Polished Napoleon

Smoothbore cannons had a theoretical range of 1600 yards (almost a mile!).  At this range cannonballs could kill and maim but this was usually the result of an accident as there was no way to aim a smoothbore cannon at something bigger than a barn from this far.  Smoothbore cannons fired ordinance in much the same way that knuckle ball pitchers through base balls; wildly.  The effective range of a smoothbore was 800 yards.  At this range that barn is in deep trouble.  This range compares vary favorably with the ranges on the infantry rifles of the period which typically got effective at 200 yards.

Depending on the distance to target,smoothbores had three different types of ammo; solid shot, grape shot and exploding shell.  Solid shot would be used at long range and grapeshot (think a coffee can filed with gumball sides ball bearings) would be used up close.  In addition, both sides used shells with fuses that were designed to create a secondary explosion (with shrapnel) at a particular range.  These were crap and typically killed the wrong people though they were as common as dirt..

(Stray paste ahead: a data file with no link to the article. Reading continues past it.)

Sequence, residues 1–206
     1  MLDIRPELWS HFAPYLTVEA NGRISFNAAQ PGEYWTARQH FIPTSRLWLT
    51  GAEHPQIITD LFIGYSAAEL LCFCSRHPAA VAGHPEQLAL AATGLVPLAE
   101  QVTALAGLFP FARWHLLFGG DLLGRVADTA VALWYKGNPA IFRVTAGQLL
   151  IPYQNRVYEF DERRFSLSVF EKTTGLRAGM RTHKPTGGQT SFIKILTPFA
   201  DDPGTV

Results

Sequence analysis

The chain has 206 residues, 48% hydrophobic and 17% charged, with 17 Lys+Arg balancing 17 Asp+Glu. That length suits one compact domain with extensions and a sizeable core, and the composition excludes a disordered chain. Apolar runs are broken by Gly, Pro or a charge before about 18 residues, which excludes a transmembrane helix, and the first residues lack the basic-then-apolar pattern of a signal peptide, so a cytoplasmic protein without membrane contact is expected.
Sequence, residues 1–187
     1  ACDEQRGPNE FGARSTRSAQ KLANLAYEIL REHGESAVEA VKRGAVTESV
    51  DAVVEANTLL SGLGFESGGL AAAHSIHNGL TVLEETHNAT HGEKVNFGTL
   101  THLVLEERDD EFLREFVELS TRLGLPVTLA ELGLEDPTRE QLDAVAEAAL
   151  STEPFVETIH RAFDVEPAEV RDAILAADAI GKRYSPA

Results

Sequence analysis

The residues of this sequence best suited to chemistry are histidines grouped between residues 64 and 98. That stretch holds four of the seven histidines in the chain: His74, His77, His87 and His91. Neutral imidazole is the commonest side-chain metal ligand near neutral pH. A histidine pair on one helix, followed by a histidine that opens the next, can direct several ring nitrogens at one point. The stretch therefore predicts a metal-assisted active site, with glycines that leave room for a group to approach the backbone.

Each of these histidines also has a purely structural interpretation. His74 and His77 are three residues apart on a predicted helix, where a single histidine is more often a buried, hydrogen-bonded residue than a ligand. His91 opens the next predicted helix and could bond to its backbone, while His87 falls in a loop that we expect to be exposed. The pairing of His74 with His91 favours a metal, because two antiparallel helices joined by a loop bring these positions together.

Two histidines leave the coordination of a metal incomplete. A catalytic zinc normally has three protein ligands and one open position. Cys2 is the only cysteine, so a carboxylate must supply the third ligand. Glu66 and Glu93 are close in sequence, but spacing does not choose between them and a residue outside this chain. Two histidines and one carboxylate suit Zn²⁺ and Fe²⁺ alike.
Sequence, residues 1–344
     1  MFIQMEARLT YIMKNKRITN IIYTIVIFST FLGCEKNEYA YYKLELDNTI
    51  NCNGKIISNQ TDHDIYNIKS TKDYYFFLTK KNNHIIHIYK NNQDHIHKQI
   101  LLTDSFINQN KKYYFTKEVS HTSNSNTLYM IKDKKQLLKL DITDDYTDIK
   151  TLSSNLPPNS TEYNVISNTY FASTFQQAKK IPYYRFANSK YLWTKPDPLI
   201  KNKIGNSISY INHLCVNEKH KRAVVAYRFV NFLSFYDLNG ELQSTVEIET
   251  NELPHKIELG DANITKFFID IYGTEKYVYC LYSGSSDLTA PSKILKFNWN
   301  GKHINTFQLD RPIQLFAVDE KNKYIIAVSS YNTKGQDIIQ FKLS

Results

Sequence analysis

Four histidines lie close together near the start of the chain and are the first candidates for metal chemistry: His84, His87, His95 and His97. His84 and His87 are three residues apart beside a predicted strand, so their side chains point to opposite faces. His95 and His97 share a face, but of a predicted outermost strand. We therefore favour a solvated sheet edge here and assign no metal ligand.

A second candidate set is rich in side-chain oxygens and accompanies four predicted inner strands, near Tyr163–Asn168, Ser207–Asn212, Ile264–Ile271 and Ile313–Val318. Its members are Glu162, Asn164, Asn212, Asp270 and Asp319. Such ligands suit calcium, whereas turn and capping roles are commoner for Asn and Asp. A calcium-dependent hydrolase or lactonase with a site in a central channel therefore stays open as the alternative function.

Grapeshot rocked up close but infantry typically didn’t hang out at the appropriate range.  Solid shot was the secret weapon of the smoothbore cannon.  What it lacked in accuracy, it more more than made up for in deadliness.  Cannonballs would bounce for hundreds of yards and would remain lethal for most of that time.  They could pass through several waves of soldiers, killing one or two each time, and continue till finally rolling to a stop near the rear.  So long as the target of the cannon was spread out such that it was larger than a barn,it didn’t really matter where the cannon ball went.  Smoothbore cannons were extremely effective against infantry.

Rifled Artillery

Because rifles were bleeding edge technology there where a huge variety of them available.  No matter how many cannon designs were out there, none were globally adapted and all had issues.  One thing that is true of all rifled cannons is that the barrels of the cannon had spiraling that made the fired shells go very straight.  Their accuracy was quite good.  They could hit the proverbial barn door and given that cannons are themselves about that size, that made rifles ideal for counter battery fire.

Rifles of this period were made of iron, not brass.  This is due to the fact that the shell fired from the cannon caught the spiraling of the gun and would take on a spin.  Brass would be blown smooth very quickly by this pressure.  So instead of using church bell to make a cannon, designers used grandma’s iron skillet. Iron was more rigid than brass, preferring to break instead of bend… which is good until its not good.   BTW… if you were to mount grandma’s iron skillet on a gun carriage and leave it outdoors for a few weeks it would not turn that groovy blue green that brass does.  It rusts.  Badly.  To stop this they were constantly painted and repainted black.